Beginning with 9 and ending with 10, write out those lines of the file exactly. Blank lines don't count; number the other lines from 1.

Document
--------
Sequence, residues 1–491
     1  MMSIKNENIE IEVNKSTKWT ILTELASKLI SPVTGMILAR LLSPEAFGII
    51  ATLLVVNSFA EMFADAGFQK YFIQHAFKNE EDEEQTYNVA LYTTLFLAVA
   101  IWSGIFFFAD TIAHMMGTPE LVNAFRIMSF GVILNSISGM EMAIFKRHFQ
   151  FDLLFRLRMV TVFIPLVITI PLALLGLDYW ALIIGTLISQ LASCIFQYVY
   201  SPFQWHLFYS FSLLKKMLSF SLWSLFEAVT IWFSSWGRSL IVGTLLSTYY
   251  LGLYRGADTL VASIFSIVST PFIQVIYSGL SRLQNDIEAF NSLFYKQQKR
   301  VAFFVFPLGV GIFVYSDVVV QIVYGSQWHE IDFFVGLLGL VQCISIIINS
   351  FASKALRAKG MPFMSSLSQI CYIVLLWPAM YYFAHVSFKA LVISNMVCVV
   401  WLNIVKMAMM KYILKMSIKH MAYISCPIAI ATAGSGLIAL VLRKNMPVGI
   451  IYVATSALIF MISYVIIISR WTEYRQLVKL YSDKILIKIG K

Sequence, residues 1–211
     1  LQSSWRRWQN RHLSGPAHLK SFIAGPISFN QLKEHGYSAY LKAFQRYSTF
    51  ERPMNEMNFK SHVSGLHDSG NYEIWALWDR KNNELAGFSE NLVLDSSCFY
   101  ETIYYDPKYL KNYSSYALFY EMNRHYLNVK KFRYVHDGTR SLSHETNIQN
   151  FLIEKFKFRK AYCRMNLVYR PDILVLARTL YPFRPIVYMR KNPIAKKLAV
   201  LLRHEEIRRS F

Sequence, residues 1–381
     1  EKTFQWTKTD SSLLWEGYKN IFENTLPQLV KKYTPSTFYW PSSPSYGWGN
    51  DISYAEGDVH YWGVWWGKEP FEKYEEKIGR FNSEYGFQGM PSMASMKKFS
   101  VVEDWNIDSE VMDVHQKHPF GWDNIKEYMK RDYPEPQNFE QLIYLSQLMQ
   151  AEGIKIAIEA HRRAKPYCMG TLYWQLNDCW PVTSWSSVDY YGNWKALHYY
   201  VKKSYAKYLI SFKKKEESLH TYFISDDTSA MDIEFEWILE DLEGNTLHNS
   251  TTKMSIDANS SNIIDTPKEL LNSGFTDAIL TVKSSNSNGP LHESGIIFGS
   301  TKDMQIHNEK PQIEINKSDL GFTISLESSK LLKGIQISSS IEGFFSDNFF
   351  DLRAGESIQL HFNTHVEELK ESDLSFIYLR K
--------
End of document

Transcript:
   351  FASKALRAKG MPFMSSLSQI CYIVLLWPAM YYFAHVSFKA LVISNMVCVV
   401  WLNIVKMAMM KYILKMSIKH MAYISCPIAI ATAGSGLIAL VLRKNMPVGI